Additionally, there are notable differences in the law that will apply to each. Both New York and federal wage law require employees working more than forty hours per week to be compensated for overtime work at a rate of one-and-a-half times their standard rate. 29 U.S.C. § 207(a)(1); N.Y. Labor Law § 650, et seq.; N.Y. Comp. Codes R. & Regs. tit. 12, § 142--2.2 (expressly adopting the provisions and exemptions of the FLSA). However, employees properly classified as "bona fide executives" are exempted. See 29 U.S.C. § 213(a)(1); N.Y. Labor Law § 651(5)(c). Because New York's overtime provisions mirror or expressly adopt federal wage law, federal courts evaluate New York's executive exemption by reference to the FLSA and its attendant regulations. See Zheng v. Liberty Apparel Co., 355 F.3d 61 (2d Cir. 2003); see also Torres v. Gristede's Operating Corp., 628 F. Supp. 2d 447, 456 n.4 (S.D.N.Y. 2008) ("New York's overtime provisions expressly incorporate the FLSA exemptions."). The determination of whether an employee is exempt from the overtime requirements of the FLSA is a "highly fact-intensive inquiry that must be made on a case-by-case basis in light of the totality of the circumstances." Johnson v. Big Lots Stores, Inc., 604 F. Supp. 2d 903, 908 (E.D. La. 2009) (citations omitted); see also Barfield v. N.Y. City Health and Hosps. Corp., 537 F.3d 132, 141-- 42 (2d Cir. 2008) ("[E]mployment for FLSA purposes [is] a flexible concept to be determined on a case-by-case basis by review of the totality of the circumstances." (citation omitted)). "The regulations . . . provide a non-exclusive list of characteristic 'management' activities to which a court may look to determine whether an employee's 'primary duty is management.'" See Myers v. Hertz Corp., 624 F.3d 537, 548 (2d Cir. 2010), cert. denied, 132 S. Ct. 368 (2011) (citation omitted).

Under California law, in contrast, employees receive overtime compensation for all hours worked in excess of eight hours in a workday, forty hours in a workweek, and the first eight hours of a seventh consecutive workday. See CLC § 510. And the comparable administrative employee exemption-found in IWC Wage Order No. 2001.4-applies where fifty percent or more of an employee's time is spent on exempt activities. See Cal. Code Regs. tit. 8, § 11040(1)(A)(2)(f) ("The work actually performed by the employee during the course of the workweek must, first and foremost, be examined and the amount of time the employee spends on such work . . . shall be considered . . . ."); see also Ramirez v. Yosemite Water Co., Inc., 978 P.2d 2, 10 (Cal. 1999) ("[California law] requires only more than 50 percent in exempt activities in order to qualify [for exemption]."). "The (in)correctness of putative class members' designation as exempt can only be determined through individual inquiries investigating the amount of time each member spent on exempt activities . . . ." Ruggles v. WellPoint, Inc., 272 F.R.D. 320, 343-- 44 (N.D.N.Y. 2011).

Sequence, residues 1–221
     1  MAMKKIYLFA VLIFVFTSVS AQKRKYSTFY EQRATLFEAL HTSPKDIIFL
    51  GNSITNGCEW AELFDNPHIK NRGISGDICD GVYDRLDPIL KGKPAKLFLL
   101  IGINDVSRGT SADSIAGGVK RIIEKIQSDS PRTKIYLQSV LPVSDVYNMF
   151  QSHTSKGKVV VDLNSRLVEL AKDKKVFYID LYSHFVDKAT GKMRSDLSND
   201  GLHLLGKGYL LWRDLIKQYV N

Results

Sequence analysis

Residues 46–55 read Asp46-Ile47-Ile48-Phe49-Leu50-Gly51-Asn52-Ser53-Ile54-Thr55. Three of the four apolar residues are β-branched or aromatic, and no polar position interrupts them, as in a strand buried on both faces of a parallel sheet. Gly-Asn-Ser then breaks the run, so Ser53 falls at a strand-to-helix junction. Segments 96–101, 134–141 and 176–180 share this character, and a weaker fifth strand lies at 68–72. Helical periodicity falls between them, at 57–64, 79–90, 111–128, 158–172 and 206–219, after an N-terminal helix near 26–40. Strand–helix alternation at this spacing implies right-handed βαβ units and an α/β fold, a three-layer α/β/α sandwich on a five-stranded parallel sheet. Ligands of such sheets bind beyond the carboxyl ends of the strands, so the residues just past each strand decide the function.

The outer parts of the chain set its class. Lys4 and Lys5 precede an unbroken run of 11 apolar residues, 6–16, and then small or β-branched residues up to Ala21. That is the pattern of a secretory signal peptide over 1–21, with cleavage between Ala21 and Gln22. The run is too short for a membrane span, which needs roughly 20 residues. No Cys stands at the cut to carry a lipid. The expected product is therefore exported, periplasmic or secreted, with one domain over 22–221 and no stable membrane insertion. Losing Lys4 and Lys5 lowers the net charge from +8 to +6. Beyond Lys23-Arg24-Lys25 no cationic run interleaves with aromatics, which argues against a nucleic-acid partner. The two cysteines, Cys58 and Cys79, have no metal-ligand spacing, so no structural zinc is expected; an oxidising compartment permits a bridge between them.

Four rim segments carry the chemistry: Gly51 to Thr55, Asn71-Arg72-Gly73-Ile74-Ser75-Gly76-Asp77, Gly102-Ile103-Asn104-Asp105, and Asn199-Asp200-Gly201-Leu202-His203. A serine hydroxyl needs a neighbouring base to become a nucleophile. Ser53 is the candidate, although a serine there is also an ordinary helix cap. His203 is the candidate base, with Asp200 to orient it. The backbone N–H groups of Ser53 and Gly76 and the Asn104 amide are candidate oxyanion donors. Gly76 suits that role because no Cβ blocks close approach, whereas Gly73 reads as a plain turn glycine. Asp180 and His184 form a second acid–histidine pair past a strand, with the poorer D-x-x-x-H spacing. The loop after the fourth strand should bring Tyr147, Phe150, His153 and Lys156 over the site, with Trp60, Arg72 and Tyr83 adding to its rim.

The difference between these standards-the qualitative test under the FLSA or the NYLL and the quantitative test under the CLC for the exemption, as well as differences in the calculation of overtime hours under each-may have some effect on the decision of whether to certify the respective collective and class actions. Both standards will require individual inquiries to some extent, but suffice it to say that the class actions are distinct.

The Till and Tate-Small cases consist of more than the California and New York class actions, however. Though coordinated discovery or multidistrict litigation procedures may normally be adequate to address inefficiencies in parallel suits such as these, the FLSA claims here render these cases substantially similar. See Ortiz v. Panera Bread Co., No. 1:10cv1424, 2011 WL 3353432, at *2 (E.D. Va. Aug. 2, 2011) ("The first-to-file rule is particularly appropriate in the context of competing FLSA collective actions, which threaten to present overlapping classes, multiple attempts at certification in two different courts, and complicated settlement negotiations."). While there is nothing in the FLSA to suggest that similar parallel collective actions are inappropriate, the putative FLSA collective actions here are identical, and there is a fully briefed motion presently before the Till court on whether certification is appropriate. See Adoma v. Univ. of Phoenix, Inc., 711 F. Supp. 2d 1142, 1148 (E.D. Cal. 2010) ("[T]he proposed classes for the collective actions are substantially similar in that both classes seek to represent at least some of the same individuals."). Saks has met its burden to show that the first-filed rule applies in this case.

Despite Plaintiffs' counsel's attempts at distancing the Till collective action from this case, the plaintiffs in Till have not amended their complaint or voluntarily dismissed their federal claims. And as it stands now, the California court will apply the same substantive law to the Till plaintiffs' FLSA claims that this Court would apply to the New York and FLSA claims here. Furthermore, and particularly if the Till plaintiffs do in fact abandon their collective action, members of the California class action will likely join the putative FLSA collective action here. It is unnecessary to re-litigate the California plaintiffs claims against Saks twice, especially when the Till court must already apply the FLSA standard to the individually named plaintiffs. While it is conceivable that should a national collective action proceed here in New York, the individual Till plaintiffs might transfer their FLSA claims to the Tate-Small action-as was noted by Plaintiffs at oral argument, see Oral Arg. Tr. at 27--28-this is both speculative at this juncture and does nothing to cure the inefficiency of splitting California plaintiffs' claims between the two courts. A question that must still be put to the Till court is the propriety of a Rule 23 New York class action, and it is true that no plaintiff outside California could become part of the Till case if the collective action there is abandoned or dismissed, but these issues are insufficient to render the cases dissimilar. Compare Pippins, 2011 WL 1143010, at *3 (finding competing New York and California cases with overlapping FLSA collective actions substantially similar), with Ross v. U.S. Bank Nat. Ass'n, 542 F. Supp. 2d 1014, 1020 (N.D. Cal. 2008) (finding cases were not substantially similar where the district court in the earlier filed suit had denied collective treatment and class actions were pending in state court).